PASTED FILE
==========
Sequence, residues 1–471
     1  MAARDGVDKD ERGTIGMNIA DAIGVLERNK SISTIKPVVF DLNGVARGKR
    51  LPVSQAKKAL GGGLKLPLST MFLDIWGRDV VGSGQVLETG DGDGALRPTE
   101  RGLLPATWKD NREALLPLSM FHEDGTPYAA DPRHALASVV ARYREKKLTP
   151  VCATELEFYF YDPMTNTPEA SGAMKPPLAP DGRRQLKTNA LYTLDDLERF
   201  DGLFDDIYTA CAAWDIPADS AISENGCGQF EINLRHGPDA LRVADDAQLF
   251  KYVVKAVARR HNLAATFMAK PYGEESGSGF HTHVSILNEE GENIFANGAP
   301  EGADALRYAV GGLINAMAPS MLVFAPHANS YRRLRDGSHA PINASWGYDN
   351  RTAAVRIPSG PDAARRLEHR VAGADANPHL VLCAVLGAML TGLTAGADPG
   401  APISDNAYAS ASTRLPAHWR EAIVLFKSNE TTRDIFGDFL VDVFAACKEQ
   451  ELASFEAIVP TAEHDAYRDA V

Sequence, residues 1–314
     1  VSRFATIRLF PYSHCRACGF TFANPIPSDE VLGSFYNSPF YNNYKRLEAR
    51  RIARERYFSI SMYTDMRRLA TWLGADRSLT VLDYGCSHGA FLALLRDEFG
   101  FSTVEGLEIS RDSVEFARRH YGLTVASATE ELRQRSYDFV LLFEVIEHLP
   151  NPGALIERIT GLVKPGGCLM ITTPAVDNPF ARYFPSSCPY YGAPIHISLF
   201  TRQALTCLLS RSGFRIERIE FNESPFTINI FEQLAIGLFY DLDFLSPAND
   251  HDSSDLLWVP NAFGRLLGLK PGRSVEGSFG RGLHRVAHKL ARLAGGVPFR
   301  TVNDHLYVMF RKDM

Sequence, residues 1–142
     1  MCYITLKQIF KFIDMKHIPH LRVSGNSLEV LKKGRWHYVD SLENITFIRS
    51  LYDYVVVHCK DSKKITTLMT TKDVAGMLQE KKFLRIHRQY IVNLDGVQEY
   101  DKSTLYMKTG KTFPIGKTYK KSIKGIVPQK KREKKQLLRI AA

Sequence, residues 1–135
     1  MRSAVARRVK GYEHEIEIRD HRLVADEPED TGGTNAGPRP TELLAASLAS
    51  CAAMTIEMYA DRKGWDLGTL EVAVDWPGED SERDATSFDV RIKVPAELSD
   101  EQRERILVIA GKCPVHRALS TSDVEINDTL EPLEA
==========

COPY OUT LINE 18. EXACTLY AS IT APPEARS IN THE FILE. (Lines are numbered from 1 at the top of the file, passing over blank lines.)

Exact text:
   251  HDSSDLLWVP NAFGRLLGLK PGRSVEGSFG RGLHRVAHKL ARLAGGVPFR